You want to help others every day—here's how to do it responsibly, according to financial planners.

By Nancy Mattia
September 18, 2020
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Given the fact that charitable giving was down six percent in the first quarter of 2020 alone, according to the Fundraising Effectiveness Project, making even small donations to the causes that are important to you—whether it's to aid the California wildfire victims or the Black Lives Matter movement—is more vital than it's ever been before. If you've thought about being a repeat donor, there's no better time to start than now. But how to make supporting charities and non-profits a regular part of your life?

Here, we consulted experts to better understand the financial factors that go into making a smart decision on philanthropy.

Calculate how much money you can give.

Figuring out the right amount to donate can be tricky. "It shouldn't be based solely on how much you're asked to give, because the asker likely has no insight into your personal [financial] situation," says Stephanie McCullough, founder and CEO of Sofia Financial, a planning firm whose goal is to help women manage money and stress. But contributing is not just about finances. "All spending decisions should be in alignment with your core values," she says, "and giving might be very important to you." However, you have to take care of yourself first. Look at all your expenses—including housing, healthcare, food, the gym—and any future needs to determine how much you want to donate of what's left after you've paid all your bills. It could be $15 every month or $1,500 a year—the right amount is what's right for you.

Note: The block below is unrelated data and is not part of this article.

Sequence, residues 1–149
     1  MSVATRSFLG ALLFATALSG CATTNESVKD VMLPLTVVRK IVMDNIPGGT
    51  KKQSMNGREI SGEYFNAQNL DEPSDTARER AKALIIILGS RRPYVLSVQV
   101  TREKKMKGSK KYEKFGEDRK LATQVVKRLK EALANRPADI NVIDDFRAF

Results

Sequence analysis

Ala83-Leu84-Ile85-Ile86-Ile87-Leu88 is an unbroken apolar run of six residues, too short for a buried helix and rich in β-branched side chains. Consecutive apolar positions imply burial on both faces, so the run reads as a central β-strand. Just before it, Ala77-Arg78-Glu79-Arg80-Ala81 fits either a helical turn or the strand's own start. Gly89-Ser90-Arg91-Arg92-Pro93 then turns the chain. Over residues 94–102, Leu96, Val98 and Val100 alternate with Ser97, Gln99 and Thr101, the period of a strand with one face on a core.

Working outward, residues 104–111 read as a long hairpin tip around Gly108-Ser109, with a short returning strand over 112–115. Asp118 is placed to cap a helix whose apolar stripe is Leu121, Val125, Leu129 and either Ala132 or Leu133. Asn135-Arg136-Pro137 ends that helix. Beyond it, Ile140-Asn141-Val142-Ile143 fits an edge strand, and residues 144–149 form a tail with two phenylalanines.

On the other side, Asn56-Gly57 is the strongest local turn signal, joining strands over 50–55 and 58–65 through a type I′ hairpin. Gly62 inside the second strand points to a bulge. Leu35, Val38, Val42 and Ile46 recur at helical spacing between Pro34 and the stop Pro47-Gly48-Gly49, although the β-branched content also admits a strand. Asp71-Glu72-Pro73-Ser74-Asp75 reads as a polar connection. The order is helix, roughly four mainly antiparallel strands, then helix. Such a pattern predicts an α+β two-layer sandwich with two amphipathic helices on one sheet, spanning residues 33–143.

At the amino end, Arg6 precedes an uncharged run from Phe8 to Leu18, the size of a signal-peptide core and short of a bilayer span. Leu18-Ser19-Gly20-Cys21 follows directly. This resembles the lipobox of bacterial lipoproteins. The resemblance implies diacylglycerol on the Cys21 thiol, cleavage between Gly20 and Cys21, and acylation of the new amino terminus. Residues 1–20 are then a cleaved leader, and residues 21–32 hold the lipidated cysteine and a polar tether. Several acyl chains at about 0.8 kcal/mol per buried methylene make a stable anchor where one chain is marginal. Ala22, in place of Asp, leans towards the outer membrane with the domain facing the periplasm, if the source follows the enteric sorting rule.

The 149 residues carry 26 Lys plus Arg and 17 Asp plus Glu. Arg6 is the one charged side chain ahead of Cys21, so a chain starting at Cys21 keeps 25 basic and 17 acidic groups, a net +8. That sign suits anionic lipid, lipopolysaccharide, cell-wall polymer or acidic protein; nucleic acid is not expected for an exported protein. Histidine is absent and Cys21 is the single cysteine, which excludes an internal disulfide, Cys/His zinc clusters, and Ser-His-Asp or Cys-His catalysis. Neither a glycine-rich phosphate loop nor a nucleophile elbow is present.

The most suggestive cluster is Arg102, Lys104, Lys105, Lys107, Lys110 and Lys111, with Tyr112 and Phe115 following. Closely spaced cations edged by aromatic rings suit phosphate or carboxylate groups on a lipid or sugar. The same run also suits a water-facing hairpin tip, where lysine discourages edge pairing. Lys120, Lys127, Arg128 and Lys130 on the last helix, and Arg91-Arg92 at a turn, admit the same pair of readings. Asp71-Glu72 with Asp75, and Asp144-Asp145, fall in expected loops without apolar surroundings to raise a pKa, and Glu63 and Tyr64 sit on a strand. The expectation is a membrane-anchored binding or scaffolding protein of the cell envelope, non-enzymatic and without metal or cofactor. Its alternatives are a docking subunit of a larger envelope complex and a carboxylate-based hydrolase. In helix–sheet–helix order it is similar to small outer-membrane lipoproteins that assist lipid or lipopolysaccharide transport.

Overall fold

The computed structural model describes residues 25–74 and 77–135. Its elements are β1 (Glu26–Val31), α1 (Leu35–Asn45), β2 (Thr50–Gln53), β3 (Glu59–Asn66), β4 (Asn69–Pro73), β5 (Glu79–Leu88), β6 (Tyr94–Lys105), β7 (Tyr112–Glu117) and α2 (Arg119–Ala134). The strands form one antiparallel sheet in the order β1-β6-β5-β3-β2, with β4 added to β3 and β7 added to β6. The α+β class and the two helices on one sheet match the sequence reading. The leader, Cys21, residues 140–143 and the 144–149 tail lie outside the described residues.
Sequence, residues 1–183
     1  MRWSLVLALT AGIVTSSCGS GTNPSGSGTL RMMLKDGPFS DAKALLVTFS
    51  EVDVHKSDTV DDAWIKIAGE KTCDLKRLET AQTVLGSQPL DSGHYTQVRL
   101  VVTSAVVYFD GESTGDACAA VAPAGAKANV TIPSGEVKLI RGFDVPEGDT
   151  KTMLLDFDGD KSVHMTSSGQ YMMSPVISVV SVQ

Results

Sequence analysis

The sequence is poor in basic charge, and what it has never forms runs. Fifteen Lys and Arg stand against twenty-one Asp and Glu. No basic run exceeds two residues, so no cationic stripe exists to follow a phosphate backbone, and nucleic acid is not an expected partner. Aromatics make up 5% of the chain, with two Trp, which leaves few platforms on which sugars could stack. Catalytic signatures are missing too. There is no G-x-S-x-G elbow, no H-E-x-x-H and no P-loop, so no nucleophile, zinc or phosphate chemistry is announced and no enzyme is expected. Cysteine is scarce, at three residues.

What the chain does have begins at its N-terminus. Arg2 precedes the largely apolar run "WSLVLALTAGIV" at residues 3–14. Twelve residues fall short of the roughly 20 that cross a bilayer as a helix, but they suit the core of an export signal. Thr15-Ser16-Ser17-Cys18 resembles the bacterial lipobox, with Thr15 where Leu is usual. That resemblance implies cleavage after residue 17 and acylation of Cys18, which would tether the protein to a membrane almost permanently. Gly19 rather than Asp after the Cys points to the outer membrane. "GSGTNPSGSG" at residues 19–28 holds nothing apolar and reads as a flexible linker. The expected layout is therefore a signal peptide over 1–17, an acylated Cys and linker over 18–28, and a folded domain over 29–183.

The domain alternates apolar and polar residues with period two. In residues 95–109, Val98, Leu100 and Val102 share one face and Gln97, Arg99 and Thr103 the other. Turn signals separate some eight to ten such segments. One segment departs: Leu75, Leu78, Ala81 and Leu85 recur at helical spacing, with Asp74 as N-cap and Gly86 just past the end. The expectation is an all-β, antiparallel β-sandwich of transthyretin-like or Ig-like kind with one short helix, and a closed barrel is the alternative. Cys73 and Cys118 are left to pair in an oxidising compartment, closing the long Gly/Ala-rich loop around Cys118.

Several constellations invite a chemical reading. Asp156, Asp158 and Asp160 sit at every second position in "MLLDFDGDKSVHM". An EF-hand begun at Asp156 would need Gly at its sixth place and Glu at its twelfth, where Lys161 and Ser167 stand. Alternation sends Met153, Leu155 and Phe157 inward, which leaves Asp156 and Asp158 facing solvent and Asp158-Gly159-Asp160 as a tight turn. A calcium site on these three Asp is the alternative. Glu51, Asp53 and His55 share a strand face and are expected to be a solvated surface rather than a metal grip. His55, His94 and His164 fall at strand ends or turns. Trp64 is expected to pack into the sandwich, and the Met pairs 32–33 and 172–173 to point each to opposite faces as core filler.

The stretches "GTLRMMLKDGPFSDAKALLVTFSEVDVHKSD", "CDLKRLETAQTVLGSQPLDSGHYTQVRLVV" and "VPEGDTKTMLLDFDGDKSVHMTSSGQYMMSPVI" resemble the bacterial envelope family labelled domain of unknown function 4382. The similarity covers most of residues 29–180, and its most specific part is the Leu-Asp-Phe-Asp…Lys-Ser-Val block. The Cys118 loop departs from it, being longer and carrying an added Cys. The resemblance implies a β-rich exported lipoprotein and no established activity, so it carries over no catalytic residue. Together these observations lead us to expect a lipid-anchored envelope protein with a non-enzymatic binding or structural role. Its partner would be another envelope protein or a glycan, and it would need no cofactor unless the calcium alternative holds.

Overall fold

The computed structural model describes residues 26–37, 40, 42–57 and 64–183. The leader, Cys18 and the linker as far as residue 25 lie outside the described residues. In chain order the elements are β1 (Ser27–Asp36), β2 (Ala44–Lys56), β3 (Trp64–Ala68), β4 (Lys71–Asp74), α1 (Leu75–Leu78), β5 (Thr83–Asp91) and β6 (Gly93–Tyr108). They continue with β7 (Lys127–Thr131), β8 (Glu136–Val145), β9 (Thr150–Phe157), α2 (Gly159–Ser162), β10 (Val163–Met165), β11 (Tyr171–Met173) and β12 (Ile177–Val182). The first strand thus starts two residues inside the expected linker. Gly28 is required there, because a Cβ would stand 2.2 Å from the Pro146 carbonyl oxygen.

Identify important causes to support.

Take time to brainstorm what causes mean the most to you, anything from saving endangered species to funding school supplies for disadvantaged children. Some people choose to support their friends and family's various fundraising endeavors or supporting an issue they feel strongly about like cancer research or animal welfare, says McCullough. "Keep some unallocated giving budget for the stuff that comes up through the year because, as 2020 has taught us, you never know what's around the corner." But before you send any money anywhere, vet the organization through a charity assessment group like Charity Navigator or CharityWatch. Make sure any you're considering uses donations wisely and doesn't spend the bulk on administrative or fundraising costs.

Decide whether to give it all to one charity or divide it up.

While it can be tempting to "spread the wealth" and give to many different causes, says McCullough, there are advantages to consolidating your giving. "Instead of being a small donor to a bunch of charities, being a larger donor to one group may bring an enhanced level of access or involvement," she says. "Many organizations recognize larger donors with invitations to events or even the opportunity to serve on committees, which could mean having a bigger impact as well as social and leadership opportunities."

Here's how to get the money to the charity.

If you get a regular paycheck, McCullough suggests setting up an automatic payment in sync with when the income hits your bank account. If you are paid sporadically like many self-employed people, you could instead dedicate a set percentage of your income for automatic giving.

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